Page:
The Nuclear Decommissioning Authority’s Radioactive Waste Management Directorate has launched a search for a consortium of agencies as local councils - Kent’s Shepway and three in West Cumbria - consider their areas for suitability for a geological disposal facility.
NDA RWMD head of stakeholder and community engagement Elizabeth Atherton said the agencies would be doing ‘more than easing concerns’, adding the engagement processes were about ‘getting beyond traditional engagement to working in partnership with communities’.
But the consortium that wins the brief is expected to face significant local opposition to the waste plans. Last week, a poll by The Hythe Herald of residents in Shepway, which contains Romney Marsh, showed that 55 per cent were against hosting the proposed £12bn national waste centre.
Atherton explained any high-cost projects carried out by the consortium would have to be individually approved following Government directives to cut quango PR spending.
The authority is taking the unusual step of appointing comms support via the Government’s framework of sustainability companies, which does not actually contain PR agencies.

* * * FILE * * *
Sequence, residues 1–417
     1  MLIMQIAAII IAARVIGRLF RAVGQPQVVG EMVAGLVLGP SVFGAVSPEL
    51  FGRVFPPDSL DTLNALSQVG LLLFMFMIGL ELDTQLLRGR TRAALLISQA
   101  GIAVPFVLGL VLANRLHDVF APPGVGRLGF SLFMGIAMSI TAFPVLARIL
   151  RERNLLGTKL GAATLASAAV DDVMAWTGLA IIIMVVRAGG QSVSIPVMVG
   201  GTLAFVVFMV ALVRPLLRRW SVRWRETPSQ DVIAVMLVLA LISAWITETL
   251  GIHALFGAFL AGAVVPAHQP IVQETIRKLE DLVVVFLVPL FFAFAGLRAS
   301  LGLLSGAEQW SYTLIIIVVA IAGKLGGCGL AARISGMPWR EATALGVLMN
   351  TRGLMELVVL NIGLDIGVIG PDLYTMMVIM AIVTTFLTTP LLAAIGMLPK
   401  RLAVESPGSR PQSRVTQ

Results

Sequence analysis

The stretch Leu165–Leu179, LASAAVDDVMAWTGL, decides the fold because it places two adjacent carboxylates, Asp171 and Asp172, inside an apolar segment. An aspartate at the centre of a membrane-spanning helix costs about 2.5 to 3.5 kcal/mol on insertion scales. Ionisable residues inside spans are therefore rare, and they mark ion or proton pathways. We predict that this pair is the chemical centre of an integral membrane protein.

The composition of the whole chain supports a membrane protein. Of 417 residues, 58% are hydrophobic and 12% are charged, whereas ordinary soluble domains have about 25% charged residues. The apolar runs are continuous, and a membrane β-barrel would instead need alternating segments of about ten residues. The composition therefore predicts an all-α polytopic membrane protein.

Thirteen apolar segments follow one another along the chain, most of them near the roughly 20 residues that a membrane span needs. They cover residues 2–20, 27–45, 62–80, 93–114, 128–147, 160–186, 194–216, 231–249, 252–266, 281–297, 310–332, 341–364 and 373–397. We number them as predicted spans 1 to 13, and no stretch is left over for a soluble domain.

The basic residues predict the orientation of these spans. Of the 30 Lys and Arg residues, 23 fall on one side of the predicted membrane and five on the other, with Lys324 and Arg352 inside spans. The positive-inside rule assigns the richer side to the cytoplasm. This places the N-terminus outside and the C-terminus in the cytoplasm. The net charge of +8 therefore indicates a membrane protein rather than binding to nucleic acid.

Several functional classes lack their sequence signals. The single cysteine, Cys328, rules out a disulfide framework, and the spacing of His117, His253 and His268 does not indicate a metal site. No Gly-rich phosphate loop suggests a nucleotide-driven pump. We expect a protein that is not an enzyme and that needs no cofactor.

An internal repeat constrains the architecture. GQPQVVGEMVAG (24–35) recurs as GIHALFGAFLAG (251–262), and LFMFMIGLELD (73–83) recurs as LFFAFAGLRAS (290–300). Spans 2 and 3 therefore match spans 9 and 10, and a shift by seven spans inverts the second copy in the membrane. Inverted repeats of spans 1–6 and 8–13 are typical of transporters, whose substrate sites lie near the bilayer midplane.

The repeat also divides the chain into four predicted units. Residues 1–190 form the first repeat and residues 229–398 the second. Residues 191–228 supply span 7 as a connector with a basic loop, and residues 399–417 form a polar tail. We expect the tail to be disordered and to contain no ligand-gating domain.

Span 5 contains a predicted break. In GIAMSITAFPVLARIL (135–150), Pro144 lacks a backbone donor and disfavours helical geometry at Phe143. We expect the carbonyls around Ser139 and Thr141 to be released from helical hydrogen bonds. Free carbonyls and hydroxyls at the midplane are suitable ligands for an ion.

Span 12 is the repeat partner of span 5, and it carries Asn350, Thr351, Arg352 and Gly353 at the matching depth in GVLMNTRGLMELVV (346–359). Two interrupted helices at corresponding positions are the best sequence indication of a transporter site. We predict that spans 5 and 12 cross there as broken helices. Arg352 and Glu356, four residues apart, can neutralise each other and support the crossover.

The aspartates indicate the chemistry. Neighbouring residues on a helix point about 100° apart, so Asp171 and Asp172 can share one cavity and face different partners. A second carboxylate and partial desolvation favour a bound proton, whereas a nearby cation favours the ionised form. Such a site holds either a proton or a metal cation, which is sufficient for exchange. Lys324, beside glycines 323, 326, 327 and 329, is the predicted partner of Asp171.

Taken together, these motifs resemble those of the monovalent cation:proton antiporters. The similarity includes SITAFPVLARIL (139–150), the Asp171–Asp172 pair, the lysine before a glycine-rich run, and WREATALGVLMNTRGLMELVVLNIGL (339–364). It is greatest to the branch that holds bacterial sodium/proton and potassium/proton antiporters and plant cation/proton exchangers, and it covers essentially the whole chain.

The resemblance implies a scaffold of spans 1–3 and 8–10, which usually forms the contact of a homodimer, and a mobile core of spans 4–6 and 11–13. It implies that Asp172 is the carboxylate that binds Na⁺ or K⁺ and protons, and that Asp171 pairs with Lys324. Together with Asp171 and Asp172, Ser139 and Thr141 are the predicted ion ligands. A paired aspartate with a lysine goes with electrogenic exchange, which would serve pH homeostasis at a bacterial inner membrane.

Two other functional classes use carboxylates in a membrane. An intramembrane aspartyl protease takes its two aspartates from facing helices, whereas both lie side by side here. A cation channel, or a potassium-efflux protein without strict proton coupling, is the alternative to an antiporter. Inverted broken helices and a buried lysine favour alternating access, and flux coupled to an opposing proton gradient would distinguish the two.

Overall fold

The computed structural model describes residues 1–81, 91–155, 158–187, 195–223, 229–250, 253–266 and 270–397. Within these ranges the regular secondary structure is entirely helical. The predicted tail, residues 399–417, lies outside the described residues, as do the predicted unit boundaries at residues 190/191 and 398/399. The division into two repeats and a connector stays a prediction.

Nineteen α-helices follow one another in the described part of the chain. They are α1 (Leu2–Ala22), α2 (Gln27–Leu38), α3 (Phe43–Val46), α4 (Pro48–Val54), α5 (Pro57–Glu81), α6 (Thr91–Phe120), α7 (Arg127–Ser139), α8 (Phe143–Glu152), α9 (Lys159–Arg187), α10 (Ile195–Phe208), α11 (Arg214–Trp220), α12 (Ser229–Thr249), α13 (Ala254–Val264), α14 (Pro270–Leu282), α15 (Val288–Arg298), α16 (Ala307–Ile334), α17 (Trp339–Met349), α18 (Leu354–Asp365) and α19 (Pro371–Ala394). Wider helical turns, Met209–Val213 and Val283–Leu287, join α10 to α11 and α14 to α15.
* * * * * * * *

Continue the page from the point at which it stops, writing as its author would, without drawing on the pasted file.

However, companies pitching for the business will be expected to set up a consortium with a comms consultancy.
Atherton explained the move: ‘The Government is supposed to be developing a new comms framework, and we don’t know under what timescale it is going to come out.’
The body is looking to have a consortium in place by October. Once appointed, it is expected to be in place for four to five years.
The NDA currently uses Luther Pendragon for comms and public affairs consultancy work. Despite the RWMD working towards becoming a separate subsidiary, Atherton did not rule out using Pendragon on appropriate projects in the future.
The news follows PRWeek’s story last week that EDF Energy has appointed Pagefield to win support for the proposed Sizewell C nuclear plant in Suffolk.
The NDA and nuclear waste burial
The NDA was set up in 2004. Ministerial plans for Britain’s first burial of waste from nuclear power stations could be put into action as early as 2029, a report by The Independent recently suggested.
Sites under consideration include Kent’s Romney Marsh and three sites in West Cumbria overseen by Cumbria County Council, Allerdale and Copeland Borough Councils.